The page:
In March Ford announced another recall for their Ford Freestar minivans. The last time this happened I took my Freestar to my local dealership for transmission work and a few weeks later ended up replacing the entire transmission at my own cost when the part suffered an “unrelated problem.” This time Ford tells me that my van may suffer from corrosion in the wheel wells and that the affected areas include the third row seat mount. Presumably, the metal under the seat rusts out which could prevent the seat from latching properly. The condition, they continued, affects about 196,500 vehicle registered in the United States and that the vehicles most at risk are in states where salt is used on the roads to melt snow in the winter. I made note of the recall but then life intervened and my best laid plans to take the van in for a quick repair evaporated.
Apparently the issue is more important than I thought because about two weeks ago my local Ford shop contacted me by letter to remind me about the recall and to encourage me to make an appointment for an inspection. But the cat was in the cradle with the silver spoon and little boy blue and the man on the moon and like so many important things in life, I never got around to doing anything about it. Yesterday, however, I decided to tackle one the van’s other annoying little problems, the malfunctioning rear air conditioning, and that required removing the interior panel that covered both the AC unit and the seat mount. I was utterly shocked by what I found.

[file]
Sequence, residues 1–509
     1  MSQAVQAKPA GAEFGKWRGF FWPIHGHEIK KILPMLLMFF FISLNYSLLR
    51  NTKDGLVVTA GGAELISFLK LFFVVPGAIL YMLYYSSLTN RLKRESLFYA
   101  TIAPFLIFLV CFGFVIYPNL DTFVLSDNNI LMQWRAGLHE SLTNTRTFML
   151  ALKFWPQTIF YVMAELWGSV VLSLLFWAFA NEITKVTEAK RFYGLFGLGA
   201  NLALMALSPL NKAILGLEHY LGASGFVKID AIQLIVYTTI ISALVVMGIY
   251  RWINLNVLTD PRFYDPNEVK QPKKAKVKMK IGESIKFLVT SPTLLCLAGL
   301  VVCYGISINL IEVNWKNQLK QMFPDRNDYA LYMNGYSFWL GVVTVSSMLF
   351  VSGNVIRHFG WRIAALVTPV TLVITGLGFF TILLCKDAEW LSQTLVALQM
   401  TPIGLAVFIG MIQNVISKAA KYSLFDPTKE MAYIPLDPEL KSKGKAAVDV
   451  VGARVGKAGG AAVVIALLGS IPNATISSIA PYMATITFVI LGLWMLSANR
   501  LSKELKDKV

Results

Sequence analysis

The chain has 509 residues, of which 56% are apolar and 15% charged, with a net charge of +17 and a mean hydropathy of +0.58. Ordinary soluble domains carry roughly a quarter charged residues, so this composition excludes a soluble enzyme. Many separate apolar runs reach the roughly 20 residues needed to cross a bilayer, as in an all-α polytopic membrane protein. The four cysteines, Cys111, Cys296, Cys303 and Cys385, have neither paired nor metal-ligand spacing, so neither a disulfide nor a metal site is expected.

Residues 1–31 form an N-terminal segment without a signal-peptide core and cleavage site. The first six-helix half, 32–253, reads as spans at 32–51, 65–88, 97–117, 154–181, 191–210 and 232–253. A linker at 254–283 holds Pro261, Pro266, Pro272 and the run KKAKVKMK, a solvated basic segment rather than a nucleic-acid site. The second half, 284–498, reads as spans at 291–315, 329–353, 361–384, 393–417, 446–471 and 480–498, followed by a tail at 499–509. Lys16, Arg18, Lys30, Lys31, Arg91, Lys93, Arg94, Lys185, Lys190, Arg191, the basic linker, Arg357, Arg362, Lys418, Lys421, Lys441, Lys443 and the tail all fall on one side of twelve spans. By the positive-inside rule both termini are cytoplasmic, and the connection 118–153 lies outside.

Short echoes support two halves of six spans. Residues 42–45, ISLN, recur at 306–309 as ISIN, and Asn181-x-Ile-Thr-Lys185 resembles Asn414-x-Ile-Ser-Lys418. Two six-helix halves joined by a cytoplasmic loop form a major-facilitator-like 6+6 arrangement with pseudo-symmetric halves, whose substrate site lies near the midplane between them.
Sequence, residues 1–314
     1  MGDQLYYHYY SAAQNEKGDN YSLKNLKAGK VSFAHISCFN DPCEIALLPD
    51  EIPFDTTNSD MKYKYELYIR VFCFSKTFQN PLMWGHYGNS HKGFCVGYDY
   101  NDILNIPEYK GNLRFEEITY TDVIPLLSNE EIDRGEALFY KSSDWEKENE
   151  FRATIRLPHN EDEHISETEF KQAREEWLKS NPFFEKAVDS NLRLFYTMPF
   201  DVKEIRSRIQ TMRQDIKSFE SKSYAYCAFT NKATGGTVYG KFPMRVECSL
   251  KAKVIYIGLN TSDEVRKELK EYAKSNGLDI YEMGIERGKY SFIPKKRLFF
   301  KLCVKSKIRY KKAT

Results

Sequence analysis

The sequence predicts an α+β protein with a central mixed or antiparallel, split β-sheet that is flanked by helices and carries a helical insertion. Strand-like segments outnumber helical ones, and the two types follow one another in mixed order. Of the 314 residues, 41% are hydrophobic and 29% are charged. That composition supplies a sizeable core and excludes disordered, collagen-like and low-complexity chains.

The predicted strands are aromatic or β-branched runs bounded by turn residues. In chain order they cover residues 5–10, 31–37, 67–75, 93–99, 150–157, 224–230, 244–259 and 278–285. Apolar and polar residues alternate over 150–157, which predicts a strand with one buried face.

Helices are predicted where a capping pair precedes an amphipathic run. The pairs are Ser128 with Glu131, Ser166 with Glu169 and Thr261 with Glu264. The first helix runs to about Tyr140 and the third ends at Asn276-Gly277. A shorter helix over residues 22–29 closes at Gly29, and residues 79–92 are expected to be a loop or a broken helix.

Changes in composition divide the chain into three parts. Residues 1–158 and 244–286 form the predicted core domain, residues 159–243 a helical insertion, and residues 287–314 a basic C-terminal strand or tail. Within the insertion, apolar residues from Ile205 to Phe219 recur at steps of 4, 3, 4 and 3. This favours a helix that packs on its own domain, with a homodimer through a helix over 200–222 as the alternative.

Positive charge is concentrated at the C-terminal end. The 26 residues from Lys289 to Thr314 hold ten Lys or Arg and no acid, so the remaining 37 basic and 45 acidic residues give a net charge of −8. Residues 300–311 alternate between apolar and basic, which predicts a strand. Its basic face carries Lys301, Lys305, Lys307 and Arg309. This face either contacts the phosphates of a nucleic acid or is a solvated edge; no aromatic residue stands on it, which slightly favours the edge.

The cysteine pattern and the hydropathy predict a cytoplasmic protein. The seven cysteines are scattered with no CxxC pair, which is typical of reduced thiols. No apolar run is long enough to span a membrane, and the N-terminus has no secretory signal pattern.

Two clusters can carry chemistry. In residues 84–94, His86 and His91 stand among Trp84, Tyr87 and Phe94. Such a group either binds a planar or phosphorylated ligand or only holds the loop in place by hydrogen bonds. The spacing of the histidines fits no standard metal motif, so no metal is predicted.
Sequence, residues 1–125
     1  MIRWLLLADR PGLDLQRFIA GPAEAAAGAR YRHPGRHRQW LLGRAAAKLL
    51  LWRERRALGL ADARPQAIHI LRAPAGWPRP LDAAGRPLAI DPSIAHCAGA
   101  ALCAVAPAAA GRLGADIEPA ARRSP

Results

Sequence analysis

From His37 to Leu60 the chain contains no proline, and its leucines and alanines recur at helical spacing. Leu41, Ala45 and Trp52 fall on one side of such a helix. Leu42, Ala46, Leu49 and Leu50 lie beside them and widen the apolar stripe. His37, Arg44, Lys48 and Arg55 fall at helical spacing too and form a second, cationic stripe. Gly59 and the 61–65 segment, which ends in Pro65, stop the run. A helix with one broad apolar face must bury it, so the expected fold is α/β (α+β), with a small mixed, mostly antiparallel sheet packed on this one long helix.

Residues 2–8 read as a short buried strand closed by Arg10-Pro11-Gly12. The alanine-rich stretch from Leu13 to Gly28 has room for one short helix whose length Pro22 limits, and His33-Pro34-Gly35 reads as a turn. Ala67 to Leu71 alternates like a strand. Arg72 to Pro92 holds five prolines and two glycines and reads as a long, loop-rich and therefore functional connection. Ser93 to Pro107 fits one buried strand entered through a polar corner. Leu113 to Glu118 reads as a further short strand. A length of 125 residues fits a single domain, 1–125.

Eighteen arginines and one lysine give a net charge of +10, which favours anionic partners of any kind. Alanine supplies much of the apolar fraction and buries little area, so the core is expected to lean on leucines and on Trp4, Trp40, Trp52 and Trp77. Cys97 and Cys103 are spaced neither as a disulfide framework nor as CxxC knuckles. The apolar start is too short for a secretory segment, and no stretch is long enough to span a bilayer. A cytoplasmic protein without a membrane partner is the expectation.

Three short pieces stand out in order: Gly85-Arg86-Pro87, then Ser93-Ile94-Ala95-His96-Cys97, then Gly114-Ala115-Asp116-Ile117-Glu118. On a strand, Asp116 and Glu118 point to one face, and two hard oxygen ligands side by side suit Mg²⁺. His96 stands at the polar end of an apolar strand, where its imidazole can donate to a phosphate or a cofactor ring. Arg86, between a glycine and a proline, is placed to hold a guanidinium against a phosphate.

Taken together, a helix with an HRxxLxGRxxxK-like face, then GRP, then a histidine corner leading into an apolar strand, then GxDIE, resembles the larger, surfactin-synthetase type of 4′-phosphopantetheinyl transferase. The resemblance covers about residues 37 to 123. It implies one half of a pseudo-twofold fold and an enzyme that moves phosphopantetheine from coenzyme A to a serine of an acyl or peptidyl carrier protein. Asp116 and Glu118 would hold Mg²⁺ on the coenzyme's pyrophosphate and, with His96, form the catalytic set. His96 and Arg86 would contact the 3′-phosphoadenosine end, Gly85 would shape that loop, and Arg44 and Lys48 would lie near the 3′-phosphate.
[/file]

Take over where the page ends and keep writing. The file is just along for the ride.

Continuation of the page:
As you can see from the photos, the steel wall of the wheel well is almost entirely eaten away around the seat mount and in places the corrosion is so bad I could look through the holes in the body and see the garage floor. Because of the pattern of rust, in a complete circle around the mount, the situation appears to be quite dire in my opinion. I could have easily made a hole big enough to put a basketball through by simply pulling on the affected part with my bare hand. Given the fact that my son rides in that third row almost everyday I’m left a little speechless about what I found. All it would have taken to collapse the rear seat completely was one hard bump.
Naturally, I went to the Ford dealership right away and they scheduled me a time next Friday to come in and get the issue fixed. Until then, we will have to continue to use the van for daily errands, but I’ve told my wife to stay close to home as possible for the next week. Because we only have the two vehicles now, these repairs, which I am told will take about a day to complete, will be pretty inconvenient for us. Loaner cars are not covered under the recall.
Despite the inconvenience, I still have to commend Ford for their repeated efforts to get me to address what they knew to be a legitimate concern rather than just posting the information on their website and letting it languish. I wish now I had been more proactive about solving the problem and I encourage all of you to spread the word to anyone who owns one of the affected vehicles about the severity of this condition. I guess it pays to stay on top of these things. Lesson learned. Now, if you’ll excuse me, I better make that colonoscopy appointment I have been putting off…
Thomas Kreutzer currently lives in Buffalo, New York with his wife and three children but has spent most of his adult life overseas. He has lived in Japan for 9 years, Jamaica for 2 and spent almost 5 years as a US Merchant Mariner serving primarily in the Pacific. A long time auto and motorcycle enthusiast he has pursued his hobbies whenever possible. He also enjoys writing and public speaking where, according to his wife, his favorite subject is himself.